Sunday, October 23, 2011

The World Before

We did a lot of walking this weekend.  That's usually part of the agenda any time I visit my family in Oklahoma.  Lots of activity, spending time out doors, telling stories, laughing.  What's not part of the agenda: computers.  It always surprises me how much I enjoy time disconnected from the rest of the world.  Life goes on without me needing to know everyone else's every step.  The world can continue turning without Facebook and Twitter and Reddit.  And then I return home and feel a little anxiety as soon as I pass this laptop sitting on the desk.  But while in Oklahoma hiking the trails around the lake I grew up on, there's a return to the life that existed before all the technological connection.  And it was nice.

I brought along my camera.  It was a gift from my father-in-law.  I know nothing about it.  I should really read the manual.  It received compliments from fellow photographers at the zoo who appreciated its features and advancements better than I.  Anyway here are my first attempts at photography.

 I hadn't yet figured out the focus.  There were quite a few like this.

 My sister took this one.  She's better at this than I am.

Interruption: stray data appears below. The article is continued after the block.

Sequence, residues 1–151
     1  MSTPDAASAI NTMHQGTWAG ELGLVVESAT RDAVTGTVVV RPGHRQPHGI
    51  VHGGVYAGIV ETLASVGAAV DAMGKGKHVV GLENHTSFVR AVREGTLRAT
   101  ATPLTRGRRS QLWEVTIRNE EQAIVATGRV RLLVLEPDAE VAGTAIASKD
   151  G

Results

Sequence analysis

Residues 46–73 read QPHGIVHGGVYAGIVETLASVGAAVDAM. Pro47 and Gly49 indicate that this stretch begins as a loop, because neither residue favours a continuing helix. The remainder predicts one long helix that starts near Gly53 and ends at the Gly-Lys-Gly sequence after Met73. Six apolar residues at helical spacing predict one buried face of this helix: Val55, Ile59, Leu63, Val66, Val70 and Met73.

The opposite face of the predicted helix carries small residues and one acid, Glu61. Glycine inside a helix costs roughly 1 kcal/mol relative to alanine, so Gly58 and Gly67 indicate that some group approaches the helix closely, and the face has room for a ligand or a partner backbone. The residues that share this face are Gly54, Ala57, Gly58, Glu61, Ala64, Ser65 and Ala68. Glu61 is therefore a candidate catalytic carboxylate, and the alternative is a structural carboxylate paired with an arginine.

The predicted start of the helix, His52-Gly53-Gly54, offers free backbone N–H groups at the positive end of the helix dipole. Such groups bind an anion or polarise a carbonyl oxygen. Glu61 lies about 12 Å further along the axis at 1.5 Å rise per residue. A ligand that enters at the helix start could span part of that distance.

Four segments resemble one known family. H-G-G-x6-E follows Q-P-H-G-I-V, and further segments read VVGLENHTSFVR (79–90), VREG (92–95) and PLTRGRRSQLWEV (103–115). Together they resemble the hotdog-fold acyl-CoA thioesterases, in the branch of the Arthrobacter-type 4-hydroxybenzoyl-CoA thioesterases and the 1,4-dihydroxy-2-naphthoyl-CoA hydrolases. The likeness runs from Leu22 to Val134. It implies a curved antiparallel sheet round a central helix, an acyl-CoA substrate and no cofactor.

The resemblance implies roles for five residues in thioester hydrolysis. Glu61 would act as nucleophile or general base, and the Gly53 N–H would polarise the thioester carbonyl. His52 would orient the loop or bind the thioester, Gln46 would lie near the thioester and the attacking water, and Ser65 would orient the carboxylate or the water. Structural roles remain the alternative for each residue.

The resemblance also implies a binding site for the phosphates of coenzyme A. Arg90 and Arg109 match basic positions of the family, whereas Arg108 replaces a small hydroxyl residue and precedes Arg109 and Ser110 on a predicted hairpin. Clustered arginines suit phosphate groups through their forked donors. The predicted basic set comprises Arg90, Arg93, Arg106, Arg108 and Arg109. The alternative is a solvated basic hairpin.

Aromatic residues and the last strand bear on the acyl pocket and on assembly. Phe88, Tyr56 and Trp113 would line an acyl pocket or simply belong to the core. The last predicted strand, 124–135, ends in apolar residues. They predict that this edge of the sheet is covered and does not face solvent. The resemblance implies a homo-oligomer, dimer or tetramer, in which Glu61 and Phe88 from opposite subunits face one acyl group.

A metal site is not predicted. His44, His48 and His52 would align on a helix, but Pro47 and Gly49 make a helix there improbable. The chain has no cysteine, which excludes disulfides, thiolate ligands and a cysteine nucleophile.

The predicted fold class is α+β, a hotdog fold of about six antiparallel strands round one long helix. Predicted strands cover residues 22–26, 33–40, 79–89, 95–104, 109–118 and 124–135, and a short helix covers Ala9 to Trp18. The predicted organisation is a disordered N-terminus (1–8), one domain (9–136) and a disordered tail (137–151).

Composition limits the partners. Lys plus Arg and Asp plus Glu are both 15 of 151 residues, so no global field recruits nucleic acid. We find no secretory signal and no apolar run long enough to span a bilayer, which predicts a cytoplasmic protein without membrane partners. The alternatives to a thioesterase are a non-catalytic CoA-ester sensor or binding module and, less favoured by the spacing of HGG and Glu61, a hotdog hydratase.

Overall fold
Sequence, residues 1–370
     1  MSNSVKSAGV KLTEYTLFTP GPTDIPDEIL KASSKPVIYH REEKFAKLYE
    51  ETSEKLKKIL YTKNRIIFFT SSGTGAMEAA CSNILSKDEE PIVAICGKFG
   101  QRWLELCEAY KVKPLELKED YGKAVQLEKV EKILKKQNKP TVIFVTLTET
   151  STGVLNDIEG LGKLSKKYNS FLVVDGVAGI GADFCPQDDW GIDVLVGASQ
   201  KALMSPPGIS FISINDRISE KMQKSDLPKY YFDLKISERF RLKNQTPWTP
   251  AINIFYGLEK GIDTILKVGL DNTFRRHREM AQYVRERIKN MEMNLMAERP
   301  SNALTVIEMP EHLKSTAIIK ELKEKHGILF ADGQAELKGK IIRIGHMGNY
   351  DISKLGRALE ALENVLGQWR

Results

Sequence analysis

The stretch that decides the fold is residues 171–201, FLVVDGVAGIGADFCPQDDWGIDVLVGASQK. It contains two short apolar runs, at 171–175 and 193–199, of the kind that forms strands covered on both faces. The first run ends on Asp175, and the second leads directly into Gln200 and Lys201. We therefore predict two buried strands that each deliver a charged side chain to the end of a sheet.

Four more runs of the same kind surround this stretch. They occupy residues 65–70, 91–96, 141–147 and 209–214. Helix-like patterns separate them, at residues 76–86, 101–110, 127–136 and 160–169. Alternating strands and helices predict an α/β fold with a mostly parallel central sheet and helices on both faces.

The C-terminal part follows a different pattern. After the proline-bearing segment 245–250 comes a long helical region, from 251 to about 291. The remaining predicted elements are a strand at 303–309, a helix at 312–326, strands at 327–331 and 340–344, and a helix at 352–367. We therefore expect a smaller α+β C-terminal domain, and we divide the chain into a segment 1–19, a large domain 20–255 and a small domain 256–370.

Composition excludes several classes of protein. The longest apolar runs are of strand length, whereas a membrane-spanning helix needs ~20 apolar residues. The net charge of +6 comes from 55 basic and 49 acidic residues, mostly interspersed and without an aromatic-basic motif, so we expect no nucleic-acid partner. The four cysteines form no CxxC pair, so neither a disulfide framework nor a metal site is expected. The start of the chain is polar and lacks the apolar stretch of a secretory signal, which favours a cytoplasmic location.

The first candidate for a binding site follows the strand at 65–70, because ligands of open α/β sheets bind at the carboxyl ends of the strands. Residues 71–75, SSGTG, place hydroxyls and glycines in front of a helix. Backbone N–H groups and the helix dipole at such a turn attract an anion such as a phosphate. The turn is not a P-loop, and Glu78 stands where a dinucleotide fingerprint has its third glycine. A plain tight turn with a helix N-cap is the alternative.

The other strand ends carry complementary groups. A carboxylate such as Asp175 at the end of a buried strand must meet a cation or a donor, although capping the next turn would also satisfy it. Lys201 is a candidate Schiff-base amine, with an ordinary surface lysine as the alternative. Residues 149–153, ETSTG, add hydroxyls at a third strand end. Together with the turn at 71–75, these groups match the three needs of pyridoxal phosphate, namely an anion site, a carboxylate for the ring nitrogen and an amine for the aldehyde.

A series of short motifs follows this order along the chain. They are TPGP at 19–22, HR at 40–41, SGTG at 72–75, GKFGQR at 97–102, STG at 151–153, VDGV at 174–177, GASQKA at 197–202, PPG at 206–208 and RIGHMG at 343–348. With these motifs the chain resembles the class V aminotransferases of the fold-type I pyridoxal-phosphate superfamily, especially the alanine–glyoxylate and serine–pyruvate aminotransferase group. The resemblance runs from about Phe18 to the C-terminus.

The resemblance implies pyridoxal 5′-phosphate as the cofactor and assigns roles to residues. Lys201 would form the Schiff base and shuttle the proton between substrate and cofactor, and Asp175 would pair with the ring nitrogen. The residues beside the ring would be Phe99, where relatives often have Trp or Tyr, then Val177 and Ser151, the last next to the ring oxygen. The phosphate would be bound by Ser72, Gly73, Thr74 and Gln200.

Hey, I figured out the focus!  Turn it to auto and let the camera do its job.

 The next hurdle in photography is seeing the photo.  Seeing the image beyond what is just in front of you.

 This guy was blurry but I loved the colors.

 Elephants.  They make me want to cry every time I see them.  I made everyone wait until these two came back out.

 My nephew, Behr.  Such a stud.

 These two looked kind of stately.

 Caught him mid shake.

 I took way too many photos of the bears.  But they were hamming it up for the crowd.

 While I was taking this photo, a little boy came running up with his mom, asking her, "Mom, is that a werewolf?"  I laughed.
 I loved the strong colors in this.
 Not an attraction of the zoo.  I just liked this image.

 I loved the colors in this picture.

 I turned around as we were all crossing the bridge and lifted the camera up, she stopped mid-step and posed.  A total professional.

 My sister actually found this tree and said, "That would be really cool in black and white."  So this is for her.

 Barnabas.  Much like my niece and nephew, is very photogenic.
Barnabas and his brother, Magnum.  Not until they run would you think they were from the same litter.

Hopefully the more familiar with my camera I become, the more my photography will improve, with a little depth and variety.  I think, though, the problem is, some people can look at a woody landscape and see a photograph, while I look out at a rotten bridge deep within a wood and see little fairies flitting around, or an injured elf knight barely hanging on as his horse trots along the mossy, muddy trail, some dangerous fate following after him.  The hardest part of learning photography, will be seeing beyond the images I create in my head, to capture of magic of the realty around me.  

Take care.

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